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Kouandé

(1,140 words)

Author(s): Cornevin, R.
, at present a regional capital of the People’s Republic of Benin, was founded by a clan of Bariba hunters, the Tosso, specialists in the hunting of elephants, who provided a tribute of ivory tusks to the sovereign of Nikki. This settlement of hunters must have been ancient (perhaps in the 16th century), but a prolonged dynastic quarrel at Nikki brought to Kouandé considerable numbers of young warriors who must have used this city, every dry season, as a raiding-base. The prince Chabi Gada of Nikki, having killed one of his pregnant wives, was expelled and took refuge at Bi…

G̲h̲āna

(1,485 words)

Author(s): Cornevin, R.
, a town in the Nigerian Sudan in the ¶ Middle Ages, now vanished, the site of which should apparently be identified with Kumbi Ṣāliḥ (15° 40′ N., 8° W.), some 330 km./200 miles north of Bamako, 95 km./60 miles west-north-west of Nara and 70 km./44 miles south-south-east of Timbedra. Kumbi Ṣāliḥ belongs to the administrative district of Aїoun el Atrous ( ʿUyun al-ʿatrūs ) (subdivision of Timbedra) in the Islamic republic of Mauritania. The term g̲h̲āna signified sovereign in the Awkār. By extension, it denoted the capital city of the first negro ki…

Fūta Ḏj̲allon

(1,970 words)

Author(s): Cornevin, R.
(accepted French spelling Fou ta), principal massif of tropical West Africa, situated at the north-east of the Republic of Guinea. This group of mountains has been thoroughly studied by J. Richard Molard (1913-51). It is twice the size of Switzerland and of very varied character. Its eastern section has a crystalline base which rises to about ¶ 700 m./3000 ft., with some peaks of over 1000 m./3,300 ft. The Tinkisso, a tributary of the Niger, rises there. The central Fouta is an internal “Tassili” divided into three masses: in the north the massif of …

Fulbe

(5,131 words)

Author(s): Cornevin, R.
, pl. of Pullo (called Fula(s) in Gambia and Sierra Leone; usual French name: Peuls; usual English name: Fulani; their language is variously called Fula, Fulani, Peul (French usage), Ful (German usage), their own name for it being variously Pular , in Senegal, Gambia and Sierra Leone, and Fulfu̇lde , in Mali and territories further east), a pastoral people—the only people of white (or red) stock in negro Africa—the ‘cattle-men’ who for more than a thousand years have been moving in groups across Africa at its greatest wid…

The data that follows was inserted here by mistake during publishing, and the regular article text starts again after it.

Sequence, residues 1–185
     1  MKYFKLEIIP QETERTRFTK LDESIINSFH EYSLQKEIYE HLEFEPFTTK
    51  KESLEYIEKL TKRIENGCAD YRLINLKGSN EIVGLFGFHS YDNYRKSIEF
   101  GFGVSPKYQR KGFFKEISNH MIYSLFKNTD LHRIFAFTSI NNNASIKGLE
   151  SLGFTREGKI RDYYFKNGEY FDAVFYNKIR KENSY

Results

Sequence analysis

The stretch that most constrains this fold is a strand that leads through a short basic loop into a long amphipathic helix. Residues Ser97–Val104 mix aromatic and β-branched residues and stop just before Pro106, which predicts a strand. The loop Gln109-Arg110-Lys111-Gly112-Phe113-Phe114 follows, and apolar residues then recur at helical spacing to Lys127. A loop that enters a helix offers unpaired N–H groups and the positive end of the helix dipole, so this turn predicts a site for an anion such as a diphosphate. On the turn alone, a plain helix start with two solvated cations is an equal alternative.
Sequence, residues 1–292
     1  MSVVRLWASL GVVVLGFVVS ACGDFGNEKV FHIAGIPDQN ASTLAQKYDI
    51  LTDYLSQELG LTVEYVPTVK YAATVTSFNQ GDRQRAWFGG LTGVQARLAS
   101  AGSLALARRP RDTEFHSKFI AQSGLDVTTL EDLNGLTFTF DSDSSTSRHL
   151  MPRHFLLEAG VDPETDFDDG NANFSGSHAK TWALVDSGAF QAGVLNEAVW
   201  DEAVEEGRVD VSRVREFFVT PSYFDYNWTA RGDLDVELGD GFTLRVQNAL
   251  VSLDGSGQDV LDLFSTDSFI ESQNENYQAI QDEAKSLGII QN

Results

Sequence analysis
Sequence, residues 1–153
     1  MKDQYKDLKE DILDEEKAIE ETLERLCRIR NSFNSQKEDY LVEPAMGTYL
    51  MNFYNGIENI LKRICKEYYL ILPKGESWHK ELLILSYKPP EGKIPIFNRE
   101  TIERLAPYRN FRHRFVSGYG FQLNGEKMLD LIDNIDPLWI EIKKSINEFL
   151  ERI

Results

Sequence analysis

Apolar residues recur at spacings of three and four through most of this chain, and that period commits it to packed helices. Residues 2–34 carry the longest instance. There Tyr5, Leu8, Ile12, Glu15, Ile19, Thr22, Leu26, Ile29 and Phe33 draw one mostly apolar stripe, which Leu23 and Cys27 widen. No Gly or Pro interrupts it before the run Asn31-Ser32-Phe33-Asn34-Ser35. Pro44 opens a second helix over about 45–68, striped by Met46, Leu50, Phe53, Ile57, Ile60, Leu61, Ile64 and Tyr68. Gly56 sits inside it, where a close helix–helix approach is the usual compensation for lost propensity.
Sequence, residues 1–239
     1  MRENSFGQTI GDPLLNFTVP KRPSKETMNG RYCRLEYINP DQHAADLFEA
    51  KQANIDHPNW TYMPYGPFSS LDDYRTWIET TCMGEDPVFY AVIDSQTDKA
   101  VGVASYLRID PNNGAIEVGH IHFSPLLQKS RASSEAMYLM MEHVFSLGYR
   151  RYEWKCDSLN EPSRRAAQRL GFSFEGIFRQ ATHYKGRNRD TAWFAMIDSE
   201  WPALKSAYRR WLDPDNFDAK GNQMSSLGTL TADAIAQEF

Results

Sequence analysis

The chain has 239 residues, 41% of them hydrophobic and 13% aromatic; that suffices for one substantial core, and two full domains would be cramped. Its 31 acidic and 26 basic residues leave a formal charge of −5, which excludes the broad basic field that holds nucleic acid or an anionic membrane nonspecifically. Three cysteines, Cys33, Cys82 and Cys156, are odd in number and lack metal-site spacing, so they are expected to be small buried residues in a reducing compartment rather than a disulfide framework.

Liberia

(693 words)

Author(s): Cornevin, R.
, an African republic in which, according to the sources, Muslims account for no more than 15 to 20% of the population. They are concentrated mainly between Monrovia and Robertsport on the frontier of Sierra Leone as well as on the frontier of Guinea. Their number is estimated at 300,000, but because the censuses take no account of religious allegiance, there exists no precise figure for a Muslim population whose Islamic culture was until recently extremely primitive. Islam was a late manifestation in Liberia. Certain groups related to the Mandingo peoples and arriving, …

Gao

(1,392 words)

Author(s): Cornevin, R.
, a town in the republic of Mali, situated on the left bank of the Niger (10,000 inhabitants), is one of the oldest commercial centres in West Africa, standing at the point where the caravan route from Tilemsi reaches the Niger. In older writers, Gao is referred to under the names Kaukau, Kawkaw, Kookou, Kankou and Kounkou. Two etymologies are suggested: according to al-Bakrī ( Description de l’Afrique , 399), the name Kaukau derives from the sound of tom-toms; Houdas ( Taʾrīk̲h̲ al-Sūdān , 6, n. 3) suggests that it is an abbreviation of kokoy Korya (the king’s town). Probably founded in abou…

Kaarta

(759 words)

Author(s): Cornevin, R.
, a region of Mali with an area of around 54,000 square km. It is bounded on the north by Mauritanian Hōd̲h̲, on the south by Beledugu and Fuladugu, and on the west by the River Senegal from the western branch of the River Kulu as far as the Baoulé junction. The rivers of this vast schistose plateau tilting to the south east flow into Senegal. The climate is that of the Saharan zone: a brief season of abundant rain followed by a very long dry season. The vegetation is wooded or shrubbed ¶ savannah. The land on the river banks often produces two harvests. The main crops are millet, maize…

Kubafolo or Bafilo

(447 words)

Author(s): Cornevin, R.
, the centre of the administrative region of Northern Togo, situated in lat. 8° 40′ N. and long, 1′ 30’ E., 73 km. north of Sokodé. It owes its origin to the unforeseen halting of a column of Gonja warriors led by Mama, ruler of Pembi, and which was returning from a campaign against Djougou at the beginning of the 19th century. They stopped at Séméré (now in the People’s Republic of Benin), and a group settled there. The warriors were tired by a long march through the mount…

Guinea

(1,562 words)

Author(s): Cornevin, R.
, an independent republic on the West coast of Africa (246,000 sq. km), bounded on the north by Portuguese Guinea, Senegal and Mali, on the east by the Ivory Coast, and on the south by Liberia and Sierra Leone. Within these limits, between 7° and 13° N., and between 7° and 17° E., every type of terrain and climate is to be found, starting with Lower Guinea which has a width of from 40 to 90 km, and where extensive deltas have been formed by the neighbouring rivers, often lined with mud-flats or …

Ḥawḍ

(1,186 words)

Author(s): Cornevin, R.
, usual spelling Hodh ( ḥawḍ > ḥōḍ = a horsetrough, made of leather mounted on a wooden frame), name of the natural depression situated in south-eastern Mauritania in the angle of the Senegal and Niger basins. It is bounded on the north by an escarpment, Dhar Tichitt ( ẓahr tis̲h̲it ), stretching from Tichitt to Aratane and marking the limit of the Adafer plateau. In the north-east the escarpment which curves round above Oualata (Dhar Oualata = ẓahr Walata ) and Nema, forms the boundary of the table-land of Djouf (D̲j̲awf). The western boundary of the …

Gabon

(356 words)

Author(s): Cornevin, R.